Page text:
The phenomenon you describe is known as compression and, in the case where salaries are actually reversed, inversion. Unfortunately these are very common especially at state universities. The principal cause is that faculty get hired as assistant professors at market rates, but the university salary structure fails to keep up with inflation and any other sources of increases. Given the severe funding cuts, salary freezes, and so forth that have plagued public higher education over the past few decades, this situation has been almost inevitable. The result is a salary structure such as you describe.
The only ways to fix this are either explicit allocation of funds to correct compression, or for individual faculty to obtain raises via retention packages to fight off outside offers.
In general, salaries are basically set by market rate at hiring (which for assistant professors is largely independent of citations and papers, conditional on getting the job in the first place) and by outside offers received later during the career. Both the availability of outside offers and their magnitude will depend on stature in the field. Even if one does not actually take an outside offer, receiving one or more such offers can prompt the home institution to put together a retention package. The willingness of the home institution to put together a top package will also depend on stature, and similarly the magnitude of the retention package depends on the outside offer and is thus also based on stature.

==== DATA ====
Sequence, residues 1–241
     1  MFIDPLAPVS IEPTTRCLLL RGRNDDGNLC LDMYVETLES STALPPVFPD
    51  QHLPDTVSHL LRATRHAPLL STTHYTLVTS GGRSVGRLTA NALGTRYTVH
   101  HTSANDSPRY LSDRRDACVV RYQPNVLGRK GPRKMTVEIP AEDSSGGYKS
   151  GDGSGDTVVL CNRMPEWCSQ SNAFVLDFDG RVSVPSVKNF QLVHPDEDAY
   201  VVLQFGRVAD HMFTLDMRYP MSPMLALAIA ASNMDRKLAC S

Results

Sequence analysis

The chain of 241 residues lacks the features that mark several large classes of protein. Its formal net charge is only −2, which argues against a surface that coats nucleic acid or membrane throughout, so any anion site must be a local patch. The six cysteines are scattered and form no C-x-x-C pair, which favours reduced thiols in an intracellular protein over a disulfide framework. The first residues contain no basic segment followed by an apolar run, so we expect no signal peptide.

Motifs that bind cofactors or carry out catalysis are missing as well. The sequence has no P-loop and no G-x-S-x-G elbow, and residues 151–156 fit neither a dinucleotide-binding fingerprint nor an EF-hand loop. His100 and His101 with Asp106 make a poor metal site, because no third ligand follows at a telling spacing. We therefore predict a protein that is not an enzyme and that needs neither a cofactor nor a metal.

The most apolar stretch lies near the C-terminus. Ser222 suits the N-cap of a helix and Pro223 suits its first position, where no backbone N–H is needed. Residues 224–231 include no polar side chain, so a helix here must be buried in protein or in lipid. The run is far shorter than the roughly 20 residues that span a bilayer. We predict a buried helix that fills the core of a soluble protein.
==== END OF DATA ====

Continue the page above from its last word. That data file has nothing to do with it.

In principle, regular merit raises could also reward faculty in accordance with their productivity and impact. But for whatever reason (I blame self-governance, but that's another discussion), merit raises and such tend to be allocated in relatively egalitarian form, rather than proportional to differential merit and productivity.
Other answers provide additional important information. Some salaries are 9 month, some 12 month. Some faculty on 9 month appointments can cover summer salary off of grants; others spread 9 months salary across 12 months. Public databases often list total salary received rather than 9 month salary; this considerably increases the variation among faculty.